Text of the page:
Another Instagram post, from March 2020, includes a photograph showing an intravenous line in the doctor’s arm above a caption in which he indicates that he is being infused with vitamin C. “This IV along with peptide therapy will limit my chances of acquiring infections such as Influenza A and the Corona Virus!” he wrote.
The FDA points out that the thymosin-alpha 1 peptide therapy is not authorized in the United States to treat COVID-19, nor is it approved for any other condition.
Over the past year, that agency and the Federal Trade Commission have cracked down on hundreds of companies making unsupported claims about supposed COVID-19 treatments, including thymosin-alpha 1, BPC-157 and vitamin C infusions. The FTC warns that anyone who makes “deceptive claims related to the treatment, cure, or prevention of COVID-19” could be subject to penalties of up to $43,792 for each violation.
Neither of those agencies has sent a public warning letter to Guzman. He and his lawyer did not respond to several requests for comment.
Dr. Juan G. Bautista, who works with Guzman at the clinic, declined to comment on his colleague. “I don’t want to speak against another doctor if their intention was to take care of a patient,” he said.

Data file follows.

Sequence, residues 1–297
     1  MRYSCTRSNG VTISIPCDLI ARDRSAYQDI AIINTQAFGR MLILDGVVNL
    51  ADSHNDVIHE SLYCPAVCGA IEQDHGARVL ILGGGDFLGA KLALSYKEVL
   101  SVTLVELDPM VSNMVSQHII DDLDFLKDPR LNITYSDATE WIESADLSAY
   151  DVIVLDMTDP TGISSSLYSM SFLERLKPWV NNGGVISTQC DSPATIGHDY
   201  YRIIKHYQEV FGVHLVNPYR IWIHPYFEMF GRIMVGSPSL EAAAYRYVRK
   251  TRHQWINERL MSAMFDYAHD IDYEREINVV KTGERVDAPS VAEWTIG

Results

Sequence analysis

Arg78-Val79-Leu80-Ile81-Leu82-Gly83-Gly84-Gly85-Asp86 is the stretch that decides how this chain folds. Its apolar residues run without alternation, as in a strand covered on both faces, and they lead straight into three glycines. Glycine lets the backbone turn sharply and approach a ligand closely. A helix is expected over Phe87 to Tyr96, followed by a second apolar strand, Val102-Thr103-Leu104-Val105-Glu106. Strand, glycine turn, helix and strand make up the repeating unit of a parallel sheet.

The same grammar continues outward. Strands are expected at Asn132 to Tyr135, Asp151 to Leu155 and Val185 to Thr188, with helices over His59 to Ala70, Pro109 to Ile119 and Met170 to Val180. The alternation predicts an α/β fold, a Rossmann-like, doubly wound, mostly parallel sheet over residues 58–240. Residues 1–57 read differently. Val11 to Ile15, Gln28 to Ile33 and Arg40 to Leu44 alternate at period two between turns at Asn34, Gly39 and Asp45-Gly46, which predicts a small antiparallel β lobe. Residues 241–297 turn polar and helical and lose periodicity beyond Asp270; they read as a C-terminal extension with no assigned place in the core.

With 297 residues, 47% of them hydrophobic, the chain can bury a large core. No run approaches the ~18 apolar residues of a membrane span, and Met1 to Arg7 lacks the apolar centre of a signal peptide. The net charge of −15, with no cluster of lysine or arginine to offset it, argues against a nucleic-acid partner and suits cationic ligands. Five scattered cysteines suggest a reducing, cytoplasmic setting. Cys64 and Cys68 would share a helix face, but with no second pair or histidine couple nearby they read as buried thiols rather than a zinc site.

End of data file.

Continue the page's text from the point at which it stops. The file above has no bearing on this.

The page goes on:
When Bautista came down with COVID-19 himself last year, he tried peptides, along with a host of standard treatments. He said that he had not used peptides to treat COVID-19 in his patients but that he did not fault doctors who had used experimental therapies that they believed could help people recover from a never-before-seen virus.
“Physicians were doing everything possible to keep patients outside of the hospital,” he said, citing the distress of intubation and medical bills that could wipe out the savings of his low-income patients from Fresno and the broader San Joaquin Valley. “There’s not a lot of people here in the valley that take care of the poor.”
This article originally appeared in The New York Times.